I've tried to watch some Godard movies in the past (5-6 years ago) and I hated them. Years have passed and I started to think about why I hated the movies and couldn't remember why. So I forced myself to watch one of his movies on theatre, and I've watched Pierrot, le Fou and ended up loving it. The humour on this movie is incredible, I've tried to control myself not to laugh too loud but the café scene... I lost it.
The French avant-garde nouvelle-vague precursor to Pulp Fiction, though instead of Vincent Vega and Mia Wallace, we get Pumpkin and Honey Bunny. While I'm sure it tickled the funny bones of radical French youth and American Godard groupies, it is too engrossed with the zeitgeist to provide a meaningful message...like Pulp Fiction. Best watched after consuming your recreational drug of choice...like Pulp Fiction.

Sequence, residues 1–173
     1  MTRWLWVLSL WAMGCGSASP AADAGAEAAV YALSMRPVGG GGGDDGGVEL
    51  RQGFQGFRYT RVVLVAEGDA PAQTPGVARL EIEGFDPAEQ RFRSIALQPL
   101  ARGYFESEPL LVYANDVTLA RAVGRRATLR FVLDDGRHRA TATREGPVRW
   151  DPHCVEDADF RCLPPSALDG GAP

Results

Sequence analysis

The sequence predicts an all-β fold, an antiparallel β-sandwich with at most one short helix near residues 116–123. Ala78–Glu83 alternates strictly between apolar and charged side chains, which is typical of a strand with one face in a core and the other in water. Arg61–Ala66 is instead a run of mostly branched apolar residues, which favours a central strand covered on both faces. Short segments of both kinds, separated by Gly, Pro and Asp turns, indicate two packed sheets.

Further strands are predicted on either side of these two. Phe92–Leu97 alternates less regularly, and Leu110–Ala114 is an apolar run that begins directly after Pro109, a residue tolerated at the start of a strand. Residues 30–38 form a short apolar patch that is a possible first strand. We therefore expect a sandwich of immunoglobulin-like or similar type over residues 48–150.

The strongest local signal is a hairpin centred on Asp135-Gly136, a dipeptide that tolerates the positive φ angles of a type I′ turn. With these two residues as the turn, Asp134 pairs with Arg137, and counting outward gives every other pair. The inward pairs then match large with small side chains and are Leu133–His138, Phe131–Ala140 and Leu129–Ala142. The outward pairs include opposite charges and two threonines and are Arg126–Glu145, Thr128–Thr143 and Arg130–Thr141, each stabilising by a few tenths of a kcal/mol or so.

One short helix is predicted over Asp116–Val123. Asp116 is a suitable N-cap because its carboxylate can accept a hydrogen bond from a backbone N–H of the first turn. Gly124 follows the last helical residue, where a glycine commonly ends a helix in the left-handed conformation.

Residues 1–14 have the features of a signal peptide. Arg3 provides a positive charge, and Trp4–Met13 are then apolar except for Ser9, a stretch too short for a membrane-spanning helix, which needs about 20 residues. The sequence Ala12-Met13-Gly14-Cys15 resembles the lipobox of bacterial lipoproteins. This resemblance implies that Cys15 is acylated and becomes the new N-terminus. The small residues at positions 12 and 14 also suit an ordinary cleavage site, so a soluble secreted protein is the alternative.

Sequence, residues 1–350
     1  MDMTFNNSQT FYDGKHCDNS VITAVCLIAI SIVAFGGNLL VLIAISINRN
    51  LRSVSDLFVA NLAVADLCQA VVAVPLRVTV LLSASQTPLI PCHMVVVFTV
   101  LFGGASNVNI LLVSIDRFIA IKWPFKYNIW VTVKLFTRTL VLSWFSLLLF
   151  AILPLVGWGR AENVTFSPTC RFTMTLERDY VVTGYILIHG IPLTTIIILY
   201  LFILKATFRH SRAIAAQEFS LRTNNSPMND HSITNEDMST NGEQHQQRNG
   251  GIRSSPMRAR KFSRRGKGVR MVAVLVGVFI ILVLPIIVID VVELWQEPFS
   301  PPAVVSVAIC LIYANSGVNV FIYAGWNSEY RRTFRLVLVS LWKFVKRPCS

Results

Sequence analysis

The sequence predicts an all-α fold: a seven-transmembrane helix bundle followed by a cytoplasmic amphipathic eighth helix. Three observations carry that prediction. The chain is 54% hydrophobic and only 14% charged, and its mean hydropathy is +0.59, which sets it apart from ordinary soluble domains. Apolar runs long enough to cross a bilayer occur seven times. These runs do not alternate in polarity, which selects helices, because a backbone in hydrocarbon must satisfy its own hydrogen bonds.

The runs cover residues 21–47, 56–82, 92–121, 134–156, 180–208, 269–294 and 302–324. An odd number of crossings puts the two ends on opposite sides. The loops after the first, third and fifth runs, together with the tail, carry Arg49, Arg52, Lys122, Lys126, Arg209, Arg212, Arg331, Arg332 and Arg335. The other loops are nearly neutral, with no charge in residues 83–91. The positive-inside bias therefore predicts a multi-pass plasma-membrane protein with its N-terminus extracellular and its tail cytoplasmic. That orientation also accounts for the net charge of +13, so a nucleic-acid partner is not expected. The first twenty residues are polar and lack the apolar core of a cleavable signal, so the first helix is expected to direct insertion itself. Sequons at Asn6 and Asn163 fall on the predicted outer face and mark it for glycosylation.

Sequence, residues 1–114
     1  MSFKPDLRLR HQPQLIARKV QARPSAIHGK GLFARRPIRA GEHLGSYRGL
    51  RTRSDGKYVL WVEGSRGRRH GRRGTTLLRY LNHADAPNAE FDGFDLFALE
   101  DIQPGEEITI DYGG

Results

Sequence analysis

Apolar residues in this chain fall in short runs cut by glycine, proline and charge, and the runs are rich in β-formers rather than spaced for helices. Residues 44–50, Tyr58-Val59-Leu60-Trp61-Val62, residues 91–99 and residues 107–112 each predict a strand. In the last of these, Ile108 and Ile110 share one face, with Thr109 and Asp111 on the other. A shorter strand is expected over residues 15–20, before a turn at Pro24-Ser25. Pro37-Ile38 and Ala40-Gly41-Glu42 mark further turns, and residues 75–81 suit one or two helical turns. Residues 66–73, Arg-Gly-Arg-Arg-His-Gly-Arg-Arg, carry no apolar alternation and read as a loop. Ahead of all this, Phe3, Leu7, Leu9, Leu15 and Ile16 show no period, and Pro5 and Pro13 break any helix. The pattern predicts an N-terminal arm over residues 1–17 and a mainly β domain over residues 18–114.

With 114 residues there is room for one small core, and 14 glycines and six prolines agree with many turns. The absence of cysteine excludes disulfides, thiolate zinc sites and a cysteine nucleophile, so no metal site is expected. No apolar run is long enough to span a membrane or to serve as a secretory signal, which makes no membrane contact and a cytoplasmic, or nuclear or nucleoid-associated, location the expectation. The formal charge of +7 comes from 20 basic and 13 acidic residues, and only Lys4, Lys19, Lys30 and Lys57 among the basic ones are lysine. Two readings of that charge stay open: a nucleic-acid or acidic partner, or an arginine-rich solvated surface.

Surreal, concise, and poignant. The film goes qucikly through its narrative trusting the viewer to capture the intricacies and references whether they be of the time or universal. The film clips along and progressively grows more into its surrealism, each step logical in the moment. The dialogue remains a key piece. This methodology all aids in its innovation as a masterpiece of one of the best directors of all time.
"So let this be a warning: You probably won't like "Pierrot le Fou." One of Godard's films, seen by itself, can be a frustrating and puzzling experience. But when you begin to get into his universe, when you've seen a lot of Godard, you find yourself liking him more and more. One day something clicks..." Roger Ebert. Truth is you either get Godard or you do not. If you do not...that's just sad.